PFRE is the original online resource for real estate and interior photographers. Since 2006, it has been a community hub where like-minded professionals from around the world gather to share information with a common goal of improving their work and advancing their business. With thousands of articles, covering hundreds of topics, PFRE offers the most robust collection of educational material in our field. The history of real estate photography has been documented within these pages.
All Articles


Two photos merged in Photoshop

The ability to merge multiple photos is a useful skill for real estate photographers. Even though most of them want to get the photo right directly in the camera, there are certain scenarios where merging the pictures together is proven useful and nece ...



The PFRE Community Forum is an online resource for discussing the art and business of Real Estate and Interior Photography.
Join The Discussion


View Now


For over a decade, photographers from around the world have participated in PFRE’s monthly photography contests, culminating in the year-end crowning of PFRE’s Photographer of the Year. With a new theme each month and commentary offered by some of the finest real estate & interior photographers anywhere, these contests offer a fun, competitive environment with rich learning opportunities. 

Contest Rules


View / Submit


View Archive


PFRE prides itself on the depth and breadth of the information and professional development resources it makes available to our community. Our goal is to help real estate and interior photographers be successful while bringing the community together and elevating the industry as a whole.

Conference News

No items found

How to Do Long Exposure

Published: 05/01/2022

As an Amazon Associate we earn from qualifying purchases.

If you have seen photos of real estate properties with a beautiful silky background, you may have thought that they are heavily edited using an advanced photo editor. However, this is not always the case. This is the result of an easy and well-known camera technique. 

The technique is called long exposure photography and it takes advantage of slow shutter speeds in order to create a unique and aesthetically-pleasing effect. It is a technique that is commonly used among real estate photographers so that their photos will stand apart.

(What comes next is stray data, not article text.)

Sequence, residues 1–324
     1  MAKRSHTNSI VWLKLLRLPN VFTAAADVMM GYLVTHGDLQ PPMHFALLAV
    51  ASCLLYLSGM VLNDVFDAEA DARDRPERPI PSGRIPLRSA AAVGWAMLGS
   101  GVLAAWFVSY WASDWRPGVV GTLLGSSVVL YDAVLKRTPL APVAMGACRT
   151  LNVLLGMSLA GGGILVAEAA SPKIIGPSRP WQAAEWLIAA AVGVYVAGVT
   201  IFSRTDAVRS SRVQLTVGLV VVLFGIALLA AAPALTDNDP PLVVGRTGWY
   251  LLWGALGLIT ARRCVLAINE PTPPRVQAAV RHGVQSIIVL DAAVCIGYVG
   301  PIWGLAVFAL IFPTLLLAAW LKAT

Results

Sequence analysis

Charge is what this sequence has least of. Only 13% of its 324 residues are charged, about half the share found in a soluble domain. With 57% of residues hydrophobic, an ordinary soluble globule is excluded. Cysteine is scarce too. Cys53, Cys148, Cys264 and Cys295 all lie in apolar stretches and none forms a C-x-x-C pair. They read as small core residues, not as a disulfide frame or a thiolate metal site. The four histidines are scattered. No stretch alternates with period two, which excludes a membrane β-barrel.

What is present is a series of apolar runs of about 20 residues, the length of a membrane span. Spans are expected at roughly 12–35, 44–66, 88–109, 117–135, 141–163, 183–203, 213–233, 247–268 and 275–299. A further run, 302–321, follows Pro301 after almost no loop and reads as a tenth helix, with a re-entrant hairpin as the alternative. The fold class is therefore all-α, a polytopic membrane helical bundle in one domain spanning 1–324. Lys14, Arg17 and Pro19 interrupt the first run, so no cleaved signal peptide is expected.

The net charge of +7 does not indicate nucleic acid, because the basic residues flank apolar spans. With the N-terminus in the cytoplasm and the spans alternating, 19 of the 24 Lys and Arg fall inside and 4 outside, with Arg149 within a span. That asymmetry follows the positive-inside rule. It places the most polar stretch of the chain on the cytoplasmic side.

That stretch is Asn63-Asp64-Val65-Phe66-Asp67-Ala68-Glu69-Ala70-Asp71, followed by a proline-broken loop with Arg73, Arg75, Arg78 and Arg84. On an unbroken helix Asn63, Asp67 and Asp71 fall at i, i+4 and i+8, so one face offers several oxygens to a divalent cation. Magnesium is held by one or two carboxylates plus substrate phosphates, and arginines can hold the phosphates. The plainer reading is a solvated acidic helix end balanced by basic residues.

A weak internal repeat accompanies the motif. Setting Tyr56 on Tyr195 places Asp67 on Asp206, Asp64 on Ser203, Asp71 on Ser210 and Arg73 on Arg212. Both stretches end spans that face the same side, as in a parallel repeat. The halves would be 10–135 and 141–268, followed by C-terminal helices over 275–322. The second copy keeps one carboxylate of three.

How to Do Long Exposure

In order to do long exposure properly, you need to set the lens’ aperture to the appropriate value depending on the subject you’re shooting. If you are going to do real estate photography, you will need to adjust the aperture to f/8 or f/11. Select a shutter speed-based and test them out to make sure that you get the ideal result. Do this until you get the proper shutter speed. 

However, you will need to prepare a few things before you can start shooting. You first need to study the weather on the day that you are going to do your photo shoot, check the location of the real estate property, and set up the right gear for your photoshoot. We’ve listed the process below so you can know how to do long exposure effectively.

Camera gear and accessories

Study the Weather

The success of long exposure photography depends heavily on the weather. If you check out long exposure shots from other real estate images, you will notice that many real estate photographers make use of clouds in order to create intense, eye-catching skies while taking pictures of the exterior of the property. 

What works best for the long exposure technique is a cloudy sky. However, if the weather is not ideal, you can still do the technique with a mostly cloudy sky. White skies like clouds with no texture at all should be avoided. The long exposure effect will not stand out in those types of scenes and you will get a drab shot.